Chat early and often about
the effects of smoking
One of parents’ most important jobs
is keeping their kids safe—steering
them away from staircases as toddlers,
teaching them to cross the street when
they go to school and, as they grow,
protecting them from tobacco use.
“Kids are naturally into risk-taking and
experimentation. They want to try new
things,” says Gail Foreman, a tobacco
reduction specialist at the Johnstone
Crossing Community Health Centre
in Red Deer. “The challenge for them
is seeing what it’s like to live with the
lifelong consequences of their actions.”
Kids don’t know that tobacco is
addictive and expensive or how it can
affect their health, their looks and even
Tobacco reduction experts say it’s
important for parents to talk to their
children early and often about the
side effects of tobacco use.
Recent statistics indicate that when
young people make it to 19 without
smoking they’re unlikely to begin.
However, every age brings a fresh
perspective on smoking and presents
new challenges in speaking to youth
Preschool (under 6)
“Start talking to your kids as soon as
they begin to be curious,” Foreman
Talk to preschoolers about smoking
using words they can relate to such
as “smelly,” “stinky” or “yucky,” and
how smoking can make people sick.
You can emphasize these messages
through activities such as storytelling
and colouring. Young people are very
impressionable and they take their cues
from adults and other role models.
Society has made inroads over the
past decades, using legislation to restrict
where cigarettes can be advertised and
where people are allowed to smoke.
“When stores were banned from
displaying cigarette packages along with
candy it was an important preventive
step,” Canning says. Taking it further,
new regulations in Red Deer ban smoking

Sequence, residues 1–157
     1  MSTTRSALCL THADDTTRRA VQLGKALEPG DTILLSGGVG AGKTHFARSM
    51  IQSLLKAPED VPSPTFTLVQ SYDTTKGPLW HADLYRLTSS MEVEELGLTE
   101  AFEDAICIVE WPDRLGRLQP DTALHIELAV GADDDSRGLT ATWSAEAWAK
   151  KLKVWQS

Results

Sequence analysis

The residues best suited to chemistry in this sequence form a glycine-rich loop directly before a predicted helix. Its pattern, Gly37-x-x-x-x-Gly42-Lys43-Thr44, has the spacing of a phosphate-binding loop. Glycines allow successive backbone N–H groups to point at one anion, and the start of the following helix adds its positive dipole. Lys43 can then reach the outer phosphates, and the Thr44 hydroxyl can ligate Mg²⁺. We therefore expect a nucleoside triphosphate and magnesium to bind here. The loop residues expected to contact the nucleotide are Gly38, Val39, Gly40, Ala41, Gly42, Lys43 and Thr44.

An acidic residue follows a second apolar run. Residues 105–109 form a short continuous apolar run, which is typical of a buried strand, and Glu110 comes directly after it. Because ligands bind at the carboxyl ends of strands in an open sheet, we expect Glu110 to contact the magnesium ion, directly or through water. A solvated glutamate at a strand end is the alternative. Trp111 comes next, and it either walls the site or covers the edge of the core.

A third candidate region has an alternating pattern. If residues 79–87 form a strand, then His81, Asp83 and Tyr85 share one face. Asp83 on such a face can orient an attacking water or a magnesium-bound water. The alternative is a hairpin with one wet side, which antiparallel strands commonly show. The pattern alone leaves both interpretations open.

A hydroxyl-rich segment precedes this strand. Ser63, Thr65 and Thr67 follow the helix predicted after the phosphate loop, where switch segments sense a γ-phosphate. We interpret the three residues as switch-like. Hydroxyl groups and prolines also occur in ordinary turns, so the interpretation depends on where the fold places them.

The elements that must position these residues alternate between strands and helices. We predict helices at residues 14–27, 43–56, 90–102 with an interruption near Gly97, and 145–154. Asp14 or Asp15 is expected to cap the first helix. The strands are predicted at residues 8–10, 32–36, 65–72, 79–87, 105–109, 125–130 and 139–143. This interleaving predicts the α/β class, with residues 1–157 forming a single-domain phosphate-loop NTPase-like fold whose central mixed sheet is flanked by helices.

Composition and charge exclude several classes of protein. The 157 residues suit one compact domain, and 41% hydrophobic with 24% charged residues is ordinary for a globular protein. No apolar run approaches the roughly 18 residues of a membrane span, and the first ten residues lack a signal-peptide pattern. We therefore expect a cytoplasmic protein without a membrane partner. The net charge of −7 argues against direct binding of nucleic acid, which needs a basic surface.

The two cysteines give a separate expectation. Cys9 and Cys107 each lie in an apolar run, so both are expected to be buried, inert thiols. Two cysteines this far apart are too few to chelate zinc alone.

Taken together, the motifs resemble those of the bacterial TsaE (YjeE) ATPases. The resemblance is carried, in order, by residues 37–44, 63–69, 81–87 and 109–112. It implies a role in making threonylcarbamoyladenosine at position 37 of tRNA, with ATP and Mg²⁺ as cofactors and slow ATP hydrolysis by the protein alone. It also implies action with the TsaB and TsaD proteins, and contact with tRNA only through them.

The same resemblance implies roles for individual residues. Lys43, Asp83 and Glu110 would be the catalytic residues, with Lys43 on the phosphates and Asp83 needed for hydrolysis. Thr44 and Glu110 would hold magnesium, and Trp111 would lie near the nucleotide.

in most public spaces; the Town of
Okotoks has banned smoking in vehicles
Parents also have a role to play
and can help “denormalize” smoking.
“Focus on the 80 percent of Albertans
who don’t smoke,” Canning suggests.
She adds that smoking parents can make
their homes and vehicles smoke free.
For tips on how to talk to your kids
about tobacco if you’re a smoker, see
this story on applemag.ca.
Older teens ( 15–19)
The strategy for talking to your kids
when they’re in junior and senior high
school is knowing what is important to
them, says Foreman. “Then speak to
them about tobacco use and its risks
in that context.”
You can point out that smoking may
make it harder to make the football
team or find a date and that it affects
how you feel, look and even smell.
Canning and Foreman say some teens
respond to social and environmental
arguments against tobacco use.
Foreman adds that letting teens know
that the tobacco industry is manipulating
them can also be an effective deterrent.
For more information, see this story
— Anne Georg
Elementary school ( 6–11)
indicate that when
young people make it
to 19 without smoking
When children enter elementary school
and join mainstream culture it’s time to
“Parents need to be aware that
‘Big Tobacco’ (tobacco manufacturers)
targets children with their products,”
says Susan Canning, manager of the
Tobacco Reduction Program at Alberta
Health Services. One example is by
disguising cigarettes with flavours such
as bubble gum and peanut butter.
Parents can add to what children
learn in elementary school, Canning says.
“This is when they learn how dangerous
smoking is and they will go home with
questions.” It’s the ideal time to talk
about the damaging effects tobacco
has on the ability to take part in the
sports and activities that children love.
Pre- and early teens ( 12–14)
As children enter junior high school, the
message is that tobacco use is not normal.